food in ghana View Full ArticleGhanaian cuisine is the national cuisine of Ghana. There are diverse traditional dishes from each ethnic group, tribe and clan from the north to the south and from the east to west. Foods also vary according to the season, time of the day, and occasion. Ghanaian main dishes unlike other cunalyes, are organized around a starchy staple such as rice, fufu, banku/etew, kenkey/dokonu, tuozafi, dzidzii, akplidzii, yakeyake, eto, akyeke, etc. with which a sauce or soup saturated with fish, snails, meat or mushrooms is served.
The typical Ghanaian staples in the south include cassava and plantain. In the northern parts of the country, their main staples include millet and sorghum. Yam, maize and beans are used across the country as staple foods. Crops such as peanuts and cocoyam are also important in the local cuisine. With the advent of modernization and colonialism, imported crops such as rice and wheat have been increasingly incorporated in Ghanaian cuisine. The foods below represent the different dishes made out of these staple foods.
Some of the main starchy dishes are:
Other popular dishes include ampesie (boiled ....
A Ghanaian priest has warned his followers against consuming Genetically Modified (GM) foods, saying these were not only harmful but upset God's divine plan for the world.
MAP OF GHANA
Prophet Emmanuel Gregory Awayevu Akpanya said efforts by the world to solve food shortages and nutritional deficiency through what he called "artificial duress", constituted a revolt against God.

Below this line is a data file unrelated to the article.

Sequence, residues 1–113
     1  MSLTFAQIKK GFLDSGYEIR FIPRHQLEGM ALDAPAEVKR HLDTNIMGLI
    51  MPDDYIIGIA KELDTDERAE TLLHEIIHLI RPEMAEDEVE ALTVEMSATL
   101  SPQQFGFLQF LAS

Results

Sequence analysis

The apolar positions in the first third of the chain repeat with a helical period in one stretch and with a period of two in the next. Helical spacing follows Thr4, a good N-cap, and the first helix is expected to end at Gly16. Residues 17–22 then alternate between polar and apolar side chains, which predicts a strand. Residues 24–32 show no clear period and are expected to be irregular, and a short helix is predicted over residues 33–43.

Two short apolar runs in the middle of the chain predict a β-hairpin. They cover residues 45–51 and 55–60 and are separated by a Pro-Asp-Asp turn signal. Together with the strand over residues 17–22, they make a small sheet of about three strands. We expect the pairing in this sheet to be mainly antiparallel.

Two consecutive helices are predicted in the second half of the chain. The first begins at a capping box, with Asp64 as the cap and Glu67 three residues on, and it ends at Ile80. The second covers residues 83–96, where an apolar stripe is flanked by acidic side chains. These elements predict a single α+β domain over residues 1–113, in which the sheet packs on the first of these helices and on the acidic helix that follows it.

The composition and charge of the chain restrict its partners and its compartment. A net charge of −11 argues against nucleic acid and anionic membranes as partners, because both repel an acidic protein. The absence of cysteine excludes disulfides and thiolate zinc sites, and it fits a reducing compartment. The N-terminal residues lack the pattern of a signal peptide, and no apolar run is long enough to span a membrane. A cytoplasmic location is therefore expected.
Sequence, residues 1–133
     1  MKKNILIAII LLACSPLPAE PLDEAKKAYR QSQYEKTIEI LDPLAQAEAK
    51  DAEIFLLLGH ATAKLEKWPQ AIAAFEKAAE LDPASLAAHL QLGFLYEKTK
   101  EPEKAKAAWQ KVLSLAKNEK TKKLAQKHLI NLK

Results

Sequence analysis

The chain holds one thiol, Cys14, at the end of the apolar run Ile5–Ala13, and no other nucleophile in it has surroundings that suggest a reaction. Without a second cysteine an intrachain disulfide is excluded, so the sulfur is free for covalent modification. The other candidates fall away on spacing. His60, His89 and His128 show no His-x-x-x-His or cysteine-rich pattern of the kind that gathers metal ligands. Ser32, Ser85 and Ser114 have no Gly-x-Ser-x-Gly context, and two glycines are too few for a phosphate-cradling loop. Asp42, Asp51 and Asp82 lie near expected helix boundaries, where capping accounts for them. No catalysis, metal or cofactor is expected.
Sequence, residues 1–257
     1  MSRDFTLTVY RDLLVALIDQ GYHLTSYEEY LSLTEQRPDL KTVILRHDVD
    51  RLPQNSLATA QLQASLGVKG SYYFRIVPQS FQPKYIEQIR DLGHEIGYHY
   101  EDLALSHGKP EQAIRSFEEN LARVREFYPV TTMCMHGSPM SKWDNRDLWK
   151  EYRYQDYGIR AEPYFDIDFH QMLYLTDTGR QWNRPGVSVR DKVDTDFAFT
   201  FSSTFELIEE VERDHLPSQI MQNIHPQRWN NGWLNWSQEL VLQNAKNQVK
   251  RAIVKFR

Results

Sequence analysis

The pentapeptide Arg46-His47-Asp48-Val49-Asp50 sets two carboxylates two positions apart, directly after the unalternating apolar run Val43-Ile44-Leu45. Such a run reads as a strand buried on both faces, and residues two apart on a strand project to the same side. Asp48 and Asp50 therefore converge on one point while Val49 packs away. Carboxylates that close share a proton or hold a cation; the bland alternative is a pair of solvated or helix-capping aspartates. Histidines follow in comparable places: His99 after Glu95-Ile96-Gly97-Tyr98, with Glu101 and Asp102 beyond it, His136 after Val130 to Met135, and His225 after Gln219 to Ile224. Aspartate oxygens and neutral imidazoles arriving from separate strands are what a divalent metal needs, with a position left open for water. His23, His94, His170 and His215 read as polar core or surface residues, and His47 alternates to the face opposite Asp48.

GM foods or GMOs (genetically-modified organisms) refers to crop plants created for human or animal consumption using the latest molecular biology techniques. The plants are modified in the laboratory to enhance desired traits such as increased resistance to herbicides or improved nutritional content.
The Ghanaian priest told the local media on Tuesday that the advent of GM foods was similar to the biblical story of the Tower of Babel, where the people decided to build a tower to challenge God's wisdom.
Stretching his arguments beyond religion, Prophet Akpanya said such a diabolical phenomena would distort and destroy the eco system with hazardous consequences and that it was important for developing countries to appreciate nature instead of tampering with it by grafting "both human and plant lives".
"We must eschew confusion of human lives and the vegetation accessories of the eco-system provided by God and exist humbly. We must call a spade, a spade, a female, a female, a male, a male and a plant, a plant rather than calling man, a plant only to call that plant, sooner or later a man," he said.
He called on African governments to promote and enforce the production of organic farming in order to preserve human life and obey God's natural order.
The priest urged African governments particularly that of Ghana, to re-visit state farms concept, which he believes would help to create employment and ensure food security.
Recently in the Ghanaian newspapers, a German Scientist, Dr Ricarda Steinbrecher, was reported cautioning strongly against the patronage of GM foods.
GM foods have made a big splash in the news lately. Environmental organisations across the world and public interest groups have been actively protesting against GM foods.
Globally, 13 countries grew genetically-engineered crops commercially in 2000, and of these, the US produced the majority, with about 68% of all GM crops were grown being grown by US farmers. In comparison, Argentina, Canada and China produced only 23%, 7% and 1%, respectively.
Other countries that grew commercial GM crops in 2000 are
Australia, Bulgaria, France, Germany, Mexico, Romania, South Africa, Spain, and Uruguay.MORE
By: Jennifer Hue
Tags: Ghana Africa, Prophet Emmanuel Gregory Awayevu Akpanya, GM, Foods, Anti-Christ
Location: Ghana (load item map)
Marked as: approved
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